B.F. Skinner was an American psychologist who contributed significantly to the field of behaviourism. He propounded the operant conditioning theory which is a method of associative learning. Skinner’s theory is based on the law of effect theory propounded by Thorndike.
Operant condition involves the use of repetition in which the behaviour that has received a positive reinforcement (reward) has a probability to be repeated whereas the behaviour which has received a negative reinforcement (punishment) is less likely to be repeated. Skinner is regarded as the father of Operant Conditioning. Similar to Thorndike’s puzzle box, Skinner conducted his experiments on a Skinner Box using animals.
Skinner’s Behavioural Theory of Operant Conditioning
Skinner proposed three kinds of responses, also referred to as operant, which are as follows.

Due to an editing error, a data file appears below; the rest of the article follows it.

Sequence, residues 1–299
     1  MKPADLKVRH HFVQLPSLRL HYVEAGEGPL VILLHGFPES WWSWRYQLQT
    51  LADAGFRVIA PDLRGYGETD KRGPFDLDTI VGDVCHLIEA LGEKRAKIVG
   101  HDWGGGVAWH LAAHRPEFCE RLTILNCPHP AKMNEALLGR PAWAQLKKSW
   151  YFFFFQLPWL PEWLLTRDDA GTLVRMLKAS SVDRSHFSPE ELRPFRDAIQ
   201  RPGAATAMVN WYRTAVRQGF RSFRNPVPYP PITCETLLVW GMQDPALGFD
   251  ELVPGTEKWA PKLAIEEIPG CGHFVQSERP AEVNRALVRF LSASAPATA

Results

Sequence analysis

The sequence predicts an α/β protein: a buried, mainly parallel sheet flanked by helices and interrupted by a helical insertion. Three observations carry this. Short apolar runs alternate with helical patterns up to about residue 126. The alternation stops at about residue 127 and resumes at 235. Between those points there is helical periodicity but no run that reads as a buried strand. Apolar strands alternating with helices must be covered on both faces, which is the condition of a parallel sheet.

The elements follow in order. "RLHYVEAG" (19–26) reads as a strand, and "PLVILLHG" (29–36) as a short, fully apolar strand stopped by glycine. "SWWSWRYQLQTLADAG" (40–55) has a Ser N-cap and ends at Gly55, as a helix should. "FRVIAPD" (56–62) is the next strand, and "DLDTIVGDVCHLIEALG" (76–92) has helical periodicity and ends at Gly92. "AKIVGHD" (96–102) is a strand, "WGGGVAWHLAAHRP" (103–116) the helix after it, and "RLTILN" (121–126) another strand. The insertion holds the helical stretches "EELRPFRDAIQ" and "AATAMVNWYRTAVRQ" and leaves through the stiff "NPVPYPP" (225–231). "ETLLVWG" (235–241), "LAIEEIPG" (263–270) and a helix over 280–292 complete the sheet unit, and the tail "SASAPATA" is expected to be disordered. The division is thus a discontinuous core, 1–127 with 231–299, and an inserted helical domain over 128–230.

Neutral operants refer to environmental responses that do not increase or decrease the probability of repeated behaviour.
Reinforcers refer to environmental responses that increase the chances of a behavior to be repeated. Reinforcers are of two types – positive reinforcement and negative reinforcement. Positive reinforcement includes a behaviour which is strengthened by rewards while negative reinforcement refers to the strengthening of behaviour through the elimination of unpleasant behaviour.
Punishers refer to environmental responses that reduce the probability of a behaviour to be repeated. Behaviour is weakened by punishers.
The operant conditioning experiment conducted by B.F. Skinner points out that operant conditioning learning is done to notice the operant behavior and the environmental response.